Thursday, April 15, 2021

Santiago (1956)

Santiago is a 1956 Warner Brothers adventure movie starring Alan Ladd. It has a pretty poor reputation. Whether it’s really that bad remains to be seen.

The movie is set in 1898 with the Cuban revolution against the Spanish providing the historical background. Cash Adams (Ladd) is a former US Army officer who was dishonourably discharged. He now makes his living as a gun runner. He’s being paid to deliver a consignment of guns to Tampa where Cuban revolutionaries will be waiting with $100,000 for him.

The job is much more complicated than he expected. Firstly he and his men are attacked by hijackers before they even reach Tampa and then he discovers that the deal has been changed - he has to deliver the guns all the way to Cuba. The Cubans do agree to double his price which is some consolation.

The guns have to be loaded on board an old paddle-wheel riverboat which will take them (along with Cash Adams and his confederates) to Haiti, then on to Cuba.

I don’t claim to know much about nautical matters but I have to say that the riverboat really doesn’t look like it would last five minutes in the open sea.

The second complication is that the riverboat will be taking a second consignment of guns, along with rival gun runner Clay Pike (Lloyd Nolan) and his cohorts. Cash and Pike have hated each other for years so neither man is happy with this development.

There’s yet another complication - they have to deliver a Cuban revolutionary to Cuba as well. The revolutionary is the young and beautiful Doña Isabella (Rossana Podestà).

The riverboat has to run the gauntlet of Spanish gunboats and then when they reach the Cuban coast they run into yet another obstacle - a Spanish artillery position that they will have to find a way to neutralise.

As you might expect Cash Adams and Pike clash numerous times during the voyage, culminating in a couple of all-in fist-fights. Their clashes have something to do with their pasts but also quite a bit to do with the fact that they both take a shine to Doña Isabella.

And new obstacles just keep on appearing. The gun runners start to wonder just how much they’re going to have to go through to get their money, and whether they’ll live to collect it.

Alan Ladd is pretty good as Cash Adams, a somewhat tortured soul. He’s tortured by shame about the ignominious end to his military career. And while he claims that now he cares only about money we get the distinct impression that he’s not entirely comfortable with his new career as a gun runner. In fact we get the impression that he might be a man in search of redemption.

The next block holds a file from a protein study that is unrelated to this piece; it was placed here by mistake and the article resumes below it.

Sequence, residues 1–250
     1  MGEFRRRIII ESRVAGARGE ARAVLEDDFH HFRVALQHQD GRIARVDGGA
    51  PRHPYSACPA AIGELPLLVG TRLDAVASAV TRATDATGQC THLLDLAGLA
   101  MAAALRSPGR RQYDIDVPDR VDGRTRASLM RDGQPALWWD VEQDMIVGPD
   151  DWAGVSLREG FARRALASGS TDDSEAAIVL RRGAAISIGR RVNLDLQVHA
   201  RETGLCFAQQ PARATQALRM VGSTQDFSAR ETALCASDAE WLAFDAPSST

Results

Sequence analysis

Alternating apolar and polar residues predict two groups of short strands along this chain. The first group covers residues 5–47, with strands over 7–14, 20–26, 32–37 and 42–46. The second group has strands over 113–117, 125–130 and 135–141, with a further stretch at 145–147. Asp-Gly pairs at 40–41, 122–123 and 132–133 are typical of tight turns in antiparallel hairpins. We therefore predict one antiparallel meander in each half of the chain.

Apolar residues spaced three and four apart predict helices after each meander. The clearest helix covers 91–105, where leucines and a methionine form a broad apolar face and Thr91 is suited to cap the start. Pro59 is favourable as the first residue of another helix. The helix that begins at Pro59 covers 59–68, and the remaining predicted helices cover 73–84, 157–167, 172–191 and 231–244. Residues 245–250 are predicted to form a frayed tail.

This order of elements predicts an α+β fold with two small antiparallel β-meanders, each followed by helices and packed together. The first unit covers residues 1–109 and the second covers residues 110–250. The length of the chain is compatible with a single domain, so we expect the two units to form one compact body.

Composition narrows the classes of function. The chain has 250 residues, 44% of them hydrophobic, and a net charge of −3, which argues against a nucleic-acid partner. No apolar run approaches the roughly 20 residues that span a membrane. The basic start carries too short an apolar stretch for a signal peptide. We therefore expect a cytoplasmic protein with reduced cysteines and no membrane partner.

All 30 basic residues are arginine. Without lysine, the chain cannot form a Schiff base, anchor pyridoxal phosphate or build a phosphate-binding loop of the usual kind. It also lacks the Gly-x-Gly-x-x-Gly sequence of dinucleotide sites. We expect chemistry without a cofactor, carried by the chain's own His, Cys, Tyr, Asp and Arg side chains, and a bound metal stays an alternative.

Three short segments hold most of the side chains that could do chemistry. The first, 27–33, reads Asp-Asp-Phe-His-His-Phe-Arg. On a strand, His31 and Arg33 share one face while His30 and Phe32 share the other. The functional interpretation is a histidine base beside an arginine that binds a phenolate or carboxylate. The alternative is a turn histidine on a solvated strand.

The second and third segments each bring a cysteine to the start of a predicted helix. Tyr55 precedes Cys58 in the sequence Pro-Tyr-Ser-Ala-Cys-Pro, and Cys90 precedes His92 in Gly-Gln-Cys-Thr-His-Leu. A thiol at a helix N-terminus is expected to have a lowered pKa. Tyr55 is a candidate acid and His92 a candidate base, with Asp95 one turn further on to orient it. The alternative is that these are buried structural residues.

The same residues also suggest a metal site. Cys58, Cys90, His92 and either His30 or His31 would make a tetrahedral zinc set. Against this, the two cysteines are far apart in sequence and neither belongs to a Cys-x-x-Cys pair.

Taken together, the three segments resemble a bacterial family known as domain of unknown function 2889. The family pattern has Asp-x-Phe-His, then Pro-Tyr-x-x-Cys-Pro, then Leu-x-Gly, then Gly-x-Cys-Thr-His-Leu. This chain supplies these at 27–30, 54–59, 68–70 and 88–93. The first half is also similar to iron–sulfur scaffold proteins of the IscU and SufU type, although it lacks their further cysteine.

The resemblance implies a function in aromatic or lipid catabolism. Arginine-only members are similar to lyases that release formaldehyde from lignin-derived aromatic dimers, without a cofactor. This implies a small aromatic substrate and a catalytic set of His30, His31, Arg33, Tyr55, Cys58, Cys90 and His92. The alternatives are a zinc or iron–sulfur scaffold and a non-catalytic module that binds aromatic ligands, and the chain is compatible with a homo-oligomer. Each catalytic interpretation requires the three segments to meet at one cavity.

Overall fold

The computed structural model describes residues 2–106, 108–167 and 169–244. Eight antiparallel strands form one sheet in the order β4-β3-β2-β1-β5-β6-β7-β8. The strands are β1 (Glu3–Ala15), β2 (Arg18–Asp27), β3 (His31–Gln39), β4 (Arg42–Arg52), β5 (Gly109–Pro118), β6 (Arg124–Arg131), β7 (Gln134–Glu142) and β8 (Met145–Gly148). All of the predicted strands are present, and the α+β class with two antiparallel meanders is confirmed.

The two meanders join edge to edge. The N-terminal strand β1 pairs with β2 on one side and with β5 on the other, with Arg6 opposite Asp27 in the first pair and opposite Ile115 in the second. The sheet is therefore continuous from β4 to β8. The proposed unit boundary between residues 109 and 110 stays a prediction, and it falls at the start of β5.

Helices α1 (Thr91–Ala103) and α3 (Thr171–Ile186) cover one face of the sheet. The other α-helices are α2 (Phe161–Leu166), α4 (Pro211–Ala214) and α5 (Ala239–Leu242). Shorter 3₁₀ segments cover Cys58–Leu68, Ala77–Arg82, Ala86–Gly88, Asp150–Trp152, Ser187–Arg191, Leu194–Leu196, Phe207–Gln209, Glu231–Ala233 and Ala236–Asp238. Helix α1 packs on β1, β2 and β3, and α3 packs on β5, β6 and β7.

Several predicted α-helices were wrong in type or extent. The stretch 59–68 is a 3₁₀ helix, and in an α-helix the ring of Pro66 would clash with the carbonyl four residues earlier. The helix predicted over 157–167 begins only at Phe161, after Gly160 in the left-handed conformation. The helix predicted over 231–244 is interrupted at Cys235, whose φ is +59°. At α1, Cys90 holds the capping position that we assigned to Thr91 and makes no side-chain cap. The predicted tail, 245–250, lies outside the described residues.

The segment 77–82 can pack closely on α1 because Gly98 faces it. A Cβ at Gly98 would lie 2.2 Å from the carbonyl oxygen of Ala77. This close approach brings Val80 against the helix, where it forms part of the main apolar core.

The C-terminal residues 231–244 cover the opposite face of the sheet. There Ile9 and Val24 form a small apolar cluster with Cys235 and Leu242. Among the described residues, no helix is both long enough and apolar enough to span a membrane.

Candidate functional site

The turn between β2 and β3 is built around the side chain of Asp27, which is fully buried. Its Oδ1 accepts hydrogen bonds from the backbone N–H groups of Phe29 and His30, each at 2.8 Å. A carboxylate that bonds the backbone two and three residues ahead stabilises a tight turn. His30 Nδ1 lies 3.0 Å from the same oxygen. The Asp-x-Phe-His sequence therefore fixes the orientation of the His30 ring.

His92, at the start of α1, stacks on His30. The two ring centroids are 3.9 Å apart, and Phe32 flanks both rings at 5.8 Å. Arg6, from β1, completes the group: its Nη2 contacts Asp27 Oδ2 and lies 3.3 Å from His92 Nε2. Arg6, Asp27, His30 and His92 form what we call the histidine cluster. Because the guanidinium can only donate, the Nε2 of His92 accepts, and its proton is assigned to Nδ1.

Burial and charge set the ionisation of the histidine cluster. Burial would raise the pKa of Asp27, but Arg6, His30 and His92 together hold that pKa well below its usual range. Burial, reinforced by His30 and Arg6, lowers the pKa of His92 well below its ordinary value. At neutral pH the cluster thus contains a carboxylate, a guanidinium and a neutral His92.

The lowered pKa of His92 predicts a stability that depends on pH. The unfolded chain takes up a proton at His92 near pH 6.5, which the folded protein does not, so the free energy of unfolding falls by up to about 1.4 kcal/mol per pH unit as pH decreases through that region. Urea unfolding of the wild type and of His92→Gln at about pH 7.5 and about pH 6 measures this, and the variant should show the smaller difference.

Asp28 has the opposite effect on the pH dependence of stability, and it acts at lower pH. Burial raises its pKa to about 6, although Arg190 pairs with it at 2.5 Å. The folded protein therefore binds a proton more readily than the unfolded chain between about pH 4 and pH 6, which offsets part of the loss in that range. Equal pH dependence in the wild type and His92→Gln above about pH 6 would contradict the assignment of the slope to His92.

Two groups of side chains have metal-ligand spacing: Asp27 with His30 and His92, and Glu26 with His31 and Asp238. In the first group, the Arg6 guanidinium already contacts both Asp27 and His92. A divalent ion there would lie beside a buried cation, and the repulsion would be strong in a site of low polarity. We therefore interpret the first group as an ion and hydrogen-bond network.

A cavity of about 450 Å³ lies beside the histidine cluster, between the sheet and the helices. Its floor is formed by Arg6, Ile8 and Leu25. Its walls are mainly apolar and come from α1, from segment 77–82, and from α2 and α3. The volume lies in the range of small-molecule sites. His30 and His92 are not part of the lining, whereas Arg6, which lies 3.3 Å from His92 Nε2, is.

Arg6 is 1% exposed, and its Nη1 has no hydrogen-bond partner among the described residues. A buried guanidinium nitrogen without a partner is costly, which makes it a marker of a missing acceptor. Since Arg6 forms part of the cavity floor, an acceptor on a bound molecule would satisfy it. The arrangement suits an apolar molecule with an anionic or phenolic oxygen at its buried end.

Lloyd Nolan is of course marvellous as the thoroughly amoral Pike. Rossana Podestà may have been a bit miscast here but she’s OK. Chill Wills is fun as the riverboat captain who seems to have spent the whole of an adventurous life on the losing side. I liked Paul Fix as Cash’s old army buddy Trasker.

Gordon Douglas directed. Douglas had a varied career which included some pretty interesting movies including a couple of very good private eye thrillers with Frank Sinatra (Tony Rome and The Lady in Cement), the spy spoof In Like Flint and the sci-fi classic Them! Martin Rackin wrote the screenplay (his other credits include the underrated noirish crime thriller A Dangerous Profession).

All the right ingredients are here. The story is pretty decent. The setting is unusual and interesting (even though we know that the crew never left the studio backlot). The two lead actors are very good. The film was shot widescreen and in Warnercolor and it looks terrific. So what went wrong? Well, to be honest not all that much did go wrong. It’s really not such a bad movie. Its poor reputation may stem from the perception that with all those desirable ingredients it should have been a classic adventure thriller when in fact it’s a merely competent one.

What’s interesting is that rather than idealists fighting for a good cause what we have here are bad men fighting (rather reluctantly) for a good cause.

The Warner Archive presentation is extremely good with a fine anamorphic transfer.

Santiago isn’t that bad. It doesn’t quite catch fire the way it should but it looks great. It’s worth seeing if you’re an Alan Ladd or a Lloyd Nolan fan. It’s not one of the adventure classics but it’s reasonable entertainment.

1 comment:

  1. It is worth watching if you are a fan of Alan Ladd. I saw it in the late Fifties as The Gunrunner!